At Pappas Delta Blues Smokehouse, the smoked brisket is the star of the show—the prime-grade Creekstone brisket literally has its name in lights on a marquee above the front door.”That meat’s gotta be perfect,” says chef Michael Velardi, who has been with the Pappas restaurant group for 27 years, 15 of which have been spent with its barbecue joints. “If it’s not, we won’t serve it.” Alongside restaurant group founder Harris Pappas, Velardi knows the expectations that come with such a display.

That brisket was perfect on my first visit. You get a choice of lean, fatty, or both. I asked for both. The lean slices were everything I wanted in a brisket. It had smoke, a peppery bite on the well-formed bark, and the fat cap over the juicy meat was perfectly rendered. I thought I’d gotten lucky—with the servers, smoked cocktails, and all those steaks on the menu, Pappas Delta Blues seemed too fancy to be focused on consistently great brisket. Then I came back a few months later and nothing had changed: the brisket and the bark were still stellar. Velardi, who attributes the great bark to rubbing the raw briskets with safflower oil before seasoning them, wasn’t surprised.  “I’ve got fresh brisket all day long,” he said, noting that briskets are scheduled to come off the wood-fired Oyler smokers in three or four shifts throughout the day.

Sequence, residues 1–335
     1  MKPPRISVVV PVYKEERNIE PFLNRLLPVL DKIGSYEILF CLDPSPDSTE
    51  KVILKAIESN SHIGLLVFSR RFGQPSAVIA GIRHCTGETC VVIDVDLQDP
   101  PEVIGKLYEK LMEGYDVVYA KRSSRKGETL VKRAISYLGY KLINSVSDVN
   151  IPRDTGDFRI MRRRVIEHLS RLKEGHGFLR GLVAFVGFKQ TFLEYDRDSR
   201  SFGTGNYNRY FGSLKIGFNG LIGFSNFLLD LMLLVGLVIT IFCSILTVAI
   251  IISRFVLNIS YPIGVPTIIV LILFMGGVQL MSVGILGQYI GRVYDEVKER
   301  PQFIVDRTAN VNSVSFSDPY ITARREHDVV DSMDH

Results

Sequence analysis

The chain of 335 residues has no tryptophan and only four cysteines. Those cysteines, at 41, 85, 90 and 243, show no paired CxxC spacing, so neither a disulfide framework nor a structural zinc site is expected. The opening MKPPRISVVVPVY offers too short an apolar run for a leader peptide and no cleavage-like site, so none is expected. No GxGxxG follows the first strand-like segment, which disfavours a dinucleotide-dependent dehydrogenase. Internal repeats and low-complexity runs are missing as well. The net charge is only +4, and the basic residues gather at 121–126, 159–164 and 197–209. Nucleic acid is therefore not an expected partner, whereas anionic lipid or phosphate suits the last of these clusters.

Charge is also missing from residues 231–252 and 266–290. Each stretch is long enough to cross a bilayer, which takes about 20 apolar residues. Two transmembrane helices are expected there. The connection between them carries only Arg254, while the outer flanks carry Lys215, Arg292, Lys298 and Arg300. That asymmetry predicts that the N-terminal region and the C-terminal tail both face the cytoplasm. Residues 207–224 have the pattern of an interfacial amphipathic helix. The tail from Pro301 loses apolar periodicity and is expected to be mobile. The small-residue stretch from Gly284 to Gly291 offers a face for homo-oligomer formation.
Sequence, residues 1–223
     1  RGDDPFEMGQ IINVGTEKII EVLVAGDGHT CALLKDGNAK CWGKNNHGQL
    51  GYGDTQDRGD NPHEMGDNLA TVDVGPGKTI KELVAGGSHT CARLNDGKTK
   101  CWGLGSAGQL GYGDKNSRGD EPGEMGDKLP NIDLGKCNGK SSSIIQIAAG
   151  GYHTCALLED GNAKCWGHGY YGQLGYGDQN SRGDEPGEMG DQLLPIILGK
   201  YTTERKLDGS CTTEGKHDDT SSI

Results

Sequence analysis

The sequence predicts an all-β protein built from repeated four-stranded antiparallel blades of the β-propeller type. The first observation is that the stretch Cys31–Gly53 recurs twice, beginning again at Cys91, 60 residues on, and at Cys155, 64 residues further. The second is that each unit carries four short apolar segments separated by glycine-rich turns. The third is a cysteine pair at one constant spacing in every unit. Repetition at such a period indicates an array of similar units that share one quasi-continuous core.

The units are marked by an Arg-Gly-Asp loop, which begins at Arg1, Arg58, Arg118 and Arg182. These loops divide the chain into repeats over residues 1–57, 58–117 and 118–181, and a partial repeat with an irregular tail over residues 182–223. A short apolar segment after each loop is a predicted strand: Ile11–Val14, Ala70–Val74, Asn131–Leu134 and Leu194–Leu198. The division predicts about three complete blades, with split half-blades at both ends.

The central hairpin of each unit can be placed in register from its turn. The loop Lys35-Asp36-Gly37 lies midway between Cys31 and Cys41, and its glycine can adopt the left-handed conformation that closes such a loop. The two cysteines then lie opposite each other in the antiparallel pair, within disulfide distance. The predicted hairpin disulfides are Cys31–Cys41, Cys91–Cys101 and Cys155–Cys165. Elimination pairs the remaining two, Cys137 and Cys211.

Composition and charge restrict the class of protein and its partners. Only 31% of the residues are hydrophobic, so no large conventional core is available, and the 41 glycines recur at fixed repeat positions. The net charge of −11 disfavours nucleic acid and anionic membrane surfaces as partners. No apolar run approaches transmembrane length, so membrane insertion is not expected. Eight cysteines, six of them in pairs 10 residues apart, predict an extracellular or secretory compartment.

The first time I visited Pappas Delta Blues, I sat down at the bar and tried not to eat every one of the warm rolls served with Plugra butter that were plopped down soon after I took a seat. I listened to the bartender describe the barbecue to other patrons, and rolled my eyes behind his back when he said the brisket was seasoned with nine kinds of pepper and three kinds of salt. He may have been exaggerating, but as I sampled the brisket crab cakes and sipped a cold glass of lambrusco wine, it sounded appropriate. The crab cakes are really deep-fried balls of lump crab, mixed with smoked brisket and topped with “Carolina butter sauce.” It’s certainly an interesting way to use up leftover brisket, and I enjoyed them more than I’d like to admit.